Making a Comeback to the Game He Loves
David Loccisano is no stranger to sports injuries. Between his two primary sports—hockey and baseball—he has suffered problems with his spine, UCL (elbow ligament) and ultimately hip and groin. It was that final injury, which he incurred playing hockey, that led him to Dr. Patrick S. Buckley at University Orthopaedic Associates (UOA).
Loccisano, a 21-year-old Tinton Falls, New Jersey resident, Brookdale Community College student and part-time security guard, has a lifelong history in sports. He has been playing ice hockey, his passion, since he was five years old.
His latest troubles began in 2016. As he explains it, “I was playing goalie, and I’d get pain I thought was a groin injury. It got better, but then the pain went to the hip and butt. That pain was sharp and lingering.”
Loccisano stopped hockey and felt better. However, in October 2018, he was playing roller hockey when he slipped on some spilled water and took a hard fall.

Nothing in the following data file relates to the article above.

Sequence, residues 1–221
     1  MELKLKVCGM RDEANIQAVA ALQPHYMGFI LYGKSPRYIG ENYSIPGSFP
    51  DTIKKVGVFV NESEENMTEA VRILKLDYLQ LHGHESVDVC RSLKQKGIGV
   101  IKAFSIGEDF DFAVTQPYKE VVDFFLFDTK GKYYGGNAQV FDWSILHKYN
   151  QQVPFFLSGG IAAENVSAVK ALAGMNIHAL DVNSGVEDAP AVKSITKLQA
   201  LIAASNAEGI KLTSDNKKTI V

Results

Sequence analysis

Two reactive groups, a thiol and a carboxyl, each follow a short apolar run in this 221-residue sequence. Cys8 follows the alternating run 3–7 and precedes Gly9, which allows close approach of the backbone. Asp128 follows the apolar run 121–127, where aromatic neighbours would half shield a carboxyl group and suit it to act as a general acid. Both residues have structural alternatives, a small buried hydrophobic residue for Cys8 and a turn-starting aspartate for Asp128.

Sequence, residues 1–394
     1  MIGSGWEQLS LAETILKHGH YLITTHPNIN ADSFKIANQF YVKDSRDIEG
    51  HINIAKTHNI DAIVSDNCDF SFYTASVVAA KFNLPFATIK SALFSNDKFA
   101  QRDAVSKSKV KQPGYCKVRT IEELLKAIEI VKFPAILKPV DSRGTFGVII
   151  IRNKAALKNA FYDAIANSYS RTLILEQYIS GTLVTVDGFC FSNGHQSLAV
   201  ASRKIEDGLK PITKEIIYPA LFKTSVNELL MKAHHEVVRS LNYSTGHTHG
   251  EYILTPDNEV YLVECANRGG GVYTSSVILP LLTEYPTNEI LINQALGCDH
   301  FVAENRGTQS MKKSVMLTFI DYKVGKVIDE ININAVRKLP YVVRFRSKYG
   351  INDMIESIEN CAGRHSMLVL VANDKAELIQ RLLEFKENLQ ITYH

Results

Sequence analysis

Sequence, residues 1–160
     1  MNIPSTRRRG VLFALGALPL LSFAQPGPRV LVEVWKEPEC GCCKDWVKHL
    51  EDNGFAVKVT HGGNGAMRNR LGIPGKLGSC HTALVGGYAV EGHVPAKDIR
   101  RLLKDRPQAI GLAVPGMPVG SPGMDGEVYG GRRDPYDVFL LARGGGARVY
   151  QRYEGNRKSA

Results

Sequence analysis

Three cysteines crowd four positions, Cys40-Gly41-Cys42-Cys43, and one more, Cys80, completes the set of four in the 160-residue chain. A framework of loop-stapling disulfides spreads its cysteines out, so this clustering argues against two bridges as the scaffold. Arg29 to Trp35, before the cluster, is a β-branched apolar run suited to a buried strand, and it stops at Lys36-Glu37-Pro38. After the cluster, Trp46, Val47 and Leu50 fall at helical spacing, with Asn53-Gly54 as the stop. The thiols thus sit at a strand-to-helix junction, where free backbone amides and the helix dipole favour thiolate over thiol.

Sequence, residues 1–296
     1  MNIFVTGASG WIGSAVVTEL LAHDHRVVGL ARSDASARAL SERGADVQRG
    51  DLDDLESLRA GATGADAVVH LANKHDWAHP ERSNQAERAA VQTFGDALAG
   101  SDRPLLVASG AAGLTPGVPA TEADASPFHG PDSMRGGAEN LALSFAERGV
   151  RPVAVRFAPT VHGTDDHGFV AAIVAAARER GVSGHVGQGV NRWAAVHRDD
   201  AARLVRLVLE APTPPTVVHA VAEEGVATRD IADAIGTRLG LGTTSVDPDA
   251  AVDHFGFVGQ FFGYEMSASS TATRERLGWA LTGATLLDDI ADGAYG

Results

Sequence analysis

“After I fell, the pain was ten times worse. I could barely lift my leg, and it really hurt bad. I knew something was really wrong with my hip,” he says.
Initially, an orthopaedist told him it was a sprain, and to return in six weeks if he didn’t feel better. It was at that next appointment that a magnetic resonance imaging (MRI) scan with contrast revealed a hip labral tear and a problem with the shape of Loccisano’s femur, which showed a femoral acetabular impingement (FAI).
This condition occurs when the ball part of the femur (the thigh bone) does not perfectly fit into the hip socket. As is commonly the case, his MRI showed his hip bone was curved out instead of in, causing wear and tear and pinching on the labrum (the pad of cartilage in the hip socket that helps keep the femur in place), eventually tearing it. This orthopaedist told Loccisano he could not perform the necessary surgery, and recommended he see Dr. Buckley at UOA.
Dr. Buckley, whose sports medicine experience with professional athletes includes treating players from the National Hockey League (NHL), is an expert in surgery to correct femoral acetabular impingement (FAI). This is a minimally invasive arthroscopic surgery that allows viewing the structures of the hip with a camera (arthroscope) inserted through small incisions. With this procedure, Dr. Buckley could both reshape an ill-fitting bone and repair the labral tear.